Functional Sets, Part 2: Rotation
Last time we started making a set using a binary search tree. Let’s keep moving!
We’re modeling binary search trees like this in Elm:
type Set comparable = Tree comparable (Set comparable) (Set comparable) | Empty
We can create empty sets using
empty, sets from a single item using
singleton, and bigger sets by using
insert function we wrote last time has a problem.
It will keep all our values organized, but if you insert values in a certain order you get a very inefficient structure back.
The simplest place this happens is when you try to create a set from a list that’s already in order.
When we run
fromList [1, 2, 3, 4, 5] we’d want to get this:
But instead, we get:
Think about how we’d retrieve 5 from these sets.
In the nice balanced tree above:
- We’d see that the head is 2.
- Ok, so look in the right subtree, where the head is 4.
- 5 is greater than 4, so right subtree again, and we’ve found it.
Three steps, not terrible. But what about the unbalanced tree?
- The head is 1, so look in the right.
- The next head is 2, so look in the right.
- The next head is 3, so look in the right.
- You get the point. Right again.
- Finally, we find our 5.
So three steps versus five. That doesn’t make a huge difference for small sets, but imagine if you had 1,000 items in your set… you don’t want to look through all of them!
It turns out that for balanced trees, looking up an item in a set of size
For a set of 1,000 items, that means about 10 operations instead of 1,000.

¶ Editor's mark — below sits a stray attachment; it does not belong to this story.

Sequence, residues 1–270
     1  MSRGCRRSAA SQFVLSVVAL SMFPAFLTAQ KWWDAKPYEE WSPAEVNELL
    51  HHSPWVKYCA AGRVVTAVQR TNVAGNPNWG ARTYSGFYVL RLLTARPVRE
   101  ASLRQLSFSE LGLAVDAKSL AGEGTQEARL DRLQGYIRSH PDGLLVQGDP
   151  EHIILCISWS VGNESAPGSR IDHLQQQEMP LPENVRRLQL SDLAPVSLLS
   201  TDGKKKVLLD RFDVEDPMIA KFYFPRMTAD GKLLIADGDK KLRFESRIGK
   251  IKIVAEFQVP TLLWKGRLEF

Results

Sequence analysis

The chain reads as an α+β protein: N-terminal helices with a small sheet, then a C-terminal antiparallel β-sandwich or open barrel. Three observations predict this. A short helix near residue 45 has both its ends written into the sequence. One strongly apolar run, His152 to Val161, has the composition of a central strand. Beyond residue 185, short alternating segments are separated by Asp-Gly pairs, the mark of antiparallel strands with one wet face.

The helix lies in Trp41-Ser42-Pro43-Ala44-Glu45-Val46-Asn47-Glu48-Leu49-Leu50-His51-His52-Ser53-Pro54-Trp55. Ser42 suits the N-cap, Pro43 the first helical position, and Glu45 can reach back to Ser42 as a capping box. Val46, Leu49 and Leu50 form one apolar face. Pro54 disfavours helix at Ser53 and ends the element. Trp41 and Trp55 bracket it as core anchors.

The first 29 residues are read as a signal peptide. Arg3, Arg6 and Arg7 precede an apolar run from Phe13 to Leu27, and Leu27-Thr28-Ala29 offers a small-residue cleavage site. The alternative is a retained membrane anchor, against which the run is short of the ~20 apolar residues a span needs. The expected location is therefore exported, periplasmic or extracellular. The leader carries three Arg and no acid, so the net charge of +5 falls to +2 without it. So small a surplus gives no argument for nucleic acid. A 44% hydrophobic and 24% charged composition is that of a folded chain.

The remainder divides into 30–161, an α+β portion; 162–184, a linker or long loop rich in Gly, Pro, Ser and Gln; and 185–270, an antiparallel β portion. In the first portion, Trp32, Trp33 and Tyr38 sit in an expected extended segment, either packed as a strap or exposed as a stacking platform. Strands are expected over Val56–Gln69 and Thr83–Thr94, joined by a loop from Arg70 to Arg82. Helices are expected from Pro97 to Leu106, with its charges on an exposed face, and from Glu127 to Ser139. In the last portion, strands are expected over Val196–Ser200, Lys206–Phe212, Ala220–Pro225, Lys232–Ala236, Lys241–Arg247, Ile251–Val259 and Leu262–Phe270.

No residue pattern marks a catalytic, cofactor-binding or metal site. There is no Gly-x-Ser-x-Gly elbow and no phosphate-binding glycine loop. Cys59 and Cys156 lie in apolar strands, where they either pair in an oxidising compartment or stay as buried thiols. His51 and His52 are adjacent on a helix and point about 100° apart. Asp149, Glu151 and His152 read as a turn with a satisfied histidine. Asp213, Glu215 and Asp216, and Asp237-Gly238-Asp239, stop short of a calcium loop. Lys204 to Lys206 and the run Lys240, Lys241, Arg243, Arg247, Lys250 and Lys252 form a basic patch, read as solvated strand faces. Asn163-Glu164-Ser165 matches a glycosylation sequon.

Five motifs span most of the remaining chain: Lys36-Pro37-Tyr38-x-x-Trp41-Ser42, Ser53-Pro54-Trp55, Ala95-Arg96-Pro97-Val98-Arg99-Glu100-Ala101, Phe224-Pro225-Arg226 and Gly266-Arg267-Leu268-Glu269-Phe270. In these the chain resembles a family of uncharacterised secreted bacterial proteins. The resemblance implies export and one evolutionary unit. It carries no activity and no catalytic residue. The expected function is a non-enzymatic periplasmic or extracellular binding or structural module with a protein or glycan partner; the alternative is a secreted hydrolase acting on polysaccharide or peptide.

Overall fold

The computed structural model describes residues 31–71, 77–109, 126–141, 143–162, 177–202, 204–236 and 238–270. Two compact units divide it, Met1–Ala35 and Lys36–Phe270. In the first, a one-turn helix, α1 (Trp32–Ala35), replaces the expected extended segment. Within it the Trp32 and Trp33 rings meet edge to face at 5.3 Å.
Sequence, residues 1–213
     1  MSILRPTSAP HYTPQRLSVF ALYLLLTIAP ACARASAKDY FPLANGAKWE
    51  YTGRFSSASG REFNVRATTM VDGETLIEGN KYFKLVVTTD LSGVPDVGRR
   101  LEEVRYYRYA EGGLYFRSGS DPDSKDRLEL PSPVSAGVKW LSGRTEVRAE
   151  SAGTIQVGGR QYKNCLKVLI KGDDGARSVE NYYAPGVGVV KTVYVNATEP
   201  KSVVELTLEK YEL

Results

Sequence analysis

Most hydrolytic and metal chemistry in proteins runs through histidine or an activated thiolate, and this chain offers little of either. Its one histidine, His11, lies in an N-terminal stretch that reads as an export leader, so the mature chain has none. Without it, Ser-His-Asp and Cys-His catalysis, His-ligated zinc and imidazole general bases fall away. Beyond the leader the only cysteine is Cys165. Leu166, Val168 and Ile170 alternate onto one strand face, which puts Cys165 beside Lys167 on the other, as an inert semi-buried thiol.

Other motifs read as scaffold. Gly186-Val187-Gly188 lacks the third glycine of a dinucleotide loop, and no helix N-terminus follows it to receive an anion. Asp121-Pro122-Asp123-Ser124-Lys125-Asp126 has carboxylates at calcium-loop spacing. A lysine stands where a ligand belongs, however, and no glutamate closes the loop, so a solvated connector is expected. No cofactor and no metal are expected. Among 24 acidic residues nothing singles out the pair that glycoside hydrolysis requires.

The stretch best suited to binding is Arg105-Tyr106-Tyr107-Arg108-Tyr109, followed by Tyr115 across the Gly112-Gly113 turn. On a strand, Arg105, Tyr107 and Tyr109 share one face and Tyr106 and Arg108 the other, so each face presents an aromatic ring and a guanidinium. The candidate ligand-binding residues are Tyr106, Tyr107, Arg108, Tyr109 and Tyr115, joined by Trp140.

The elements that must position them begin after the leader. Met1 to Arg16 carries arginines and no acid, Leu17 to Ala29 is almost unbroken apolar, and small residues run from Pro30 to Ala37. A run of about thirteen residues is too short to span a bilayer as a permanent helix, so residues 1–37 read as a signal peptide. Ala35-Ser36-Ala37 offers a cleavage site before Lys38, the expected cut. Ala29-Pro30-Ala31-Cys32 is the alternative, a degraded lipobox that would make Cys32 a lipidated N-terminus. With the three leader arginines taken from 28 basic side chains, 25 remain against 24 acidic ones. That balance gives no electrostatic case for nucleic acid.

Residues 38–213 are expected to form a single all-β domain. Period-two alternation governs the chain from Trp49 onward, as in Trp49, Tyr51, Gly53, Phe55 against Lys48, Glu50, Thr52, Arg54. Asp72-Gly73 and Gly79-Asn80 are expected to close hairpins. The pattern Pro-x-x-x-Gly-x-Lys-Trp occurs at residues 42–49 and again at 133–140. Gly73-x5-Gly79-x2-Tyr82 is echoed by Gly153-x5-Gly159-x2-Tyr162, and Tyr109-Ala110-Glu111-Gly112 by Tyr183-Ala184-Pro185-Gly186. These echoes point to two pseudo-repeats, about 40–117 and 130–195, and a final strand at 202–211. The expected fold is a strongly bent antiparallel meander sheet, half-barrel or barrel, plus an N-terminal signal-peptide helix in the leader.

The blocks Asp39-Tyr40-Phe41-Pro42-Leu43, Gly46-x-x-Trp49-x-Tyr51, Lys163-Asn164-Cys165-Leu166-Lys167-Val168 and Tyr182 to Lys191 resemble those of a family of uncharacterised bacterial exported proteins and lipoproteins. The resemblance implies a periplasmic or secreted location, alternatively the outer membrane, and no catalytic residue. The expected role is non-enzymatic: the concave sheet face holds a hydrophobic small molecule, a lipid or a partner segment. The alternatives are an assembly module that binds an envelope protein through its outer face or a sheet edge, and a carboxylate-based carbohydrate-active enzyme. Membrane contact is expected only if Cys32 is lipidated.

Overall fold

This is a huge difference!
So, to get the benefits, let’s make sure that our data structure stays balanced. We’ll do this by rotating our tree!
Tree rotation means rearranging the values in a tree in a way that preserves order, but changes the relative height of each side of the tree. Wikipedia has an amazing GIF to explain it:
In words: to rotate left, we have to have a tree with a non-empty subtree as it’s right subtree.
For the sake of clarity, we’re going to call the original head
head and the subtree’s head
Remember how all the values to the left of a subtree are less than the head, and the values to the right are greater?
Well, that means that the left subtree of the right subtree (the yellow B in the graphic above) contains values between the two heads!
We’ll use that property to our advantage here.
Let’s refer to the left subtree of the original tree as
lessThans, and the left and right subtrees of the subtree as
Now that we’ve got a plan, let’s rotate left (right is just reversing this.)
We’ll create a new
subHead as the head.
The left subtree will be another new tree, with
head as the head,
lessThans as the left subtree, and
betweens as the right subtree.
Last, we attach
greaterThans as the right subtree.
Whew! That’s a ton of words to describe something that’s fairly succinct in code:
rotateLeft : Set comparable -> Set comparable rotateLeft set = case set of Tree head lessThans (Tree subHead betweens greaterThans) -> tree subHead (tree head lessThans betweens) greaterThans _ -> set rotateRight : Set comparable -> Set comparable rotateRight set = case set of Tree head (Tree subHead lessThans betweens) greaterThans -> tree subHead lessThans (tree head betweens greaterThans) _ -> set
We always put
greaterThans in order in the source.
If these ever get out of order, we’re going to be breaking our guarantees about structure!
Next time, we’ll fgure out how to apply these rotations automatically. But for now…
Make Your Own Trees!
It can be really difficult to get all this in your head. When I was learning this, it really helped to visualize it. So, here’s a program that you can use to do the same!
Enter any string value in the box below, and you’ll see the output of our sets so far. Purple circles indicate empty sets, and you can rotate the tree left and right.
Things to try:
- Enter 1, 2, and 3 as the values. Rotate the tree and see how that works.
- Enter 2, 3, 1 in order. Hey, the insert code does what we said it would!
- Enter a through z. Trace the operations you’d take to get to any given letter.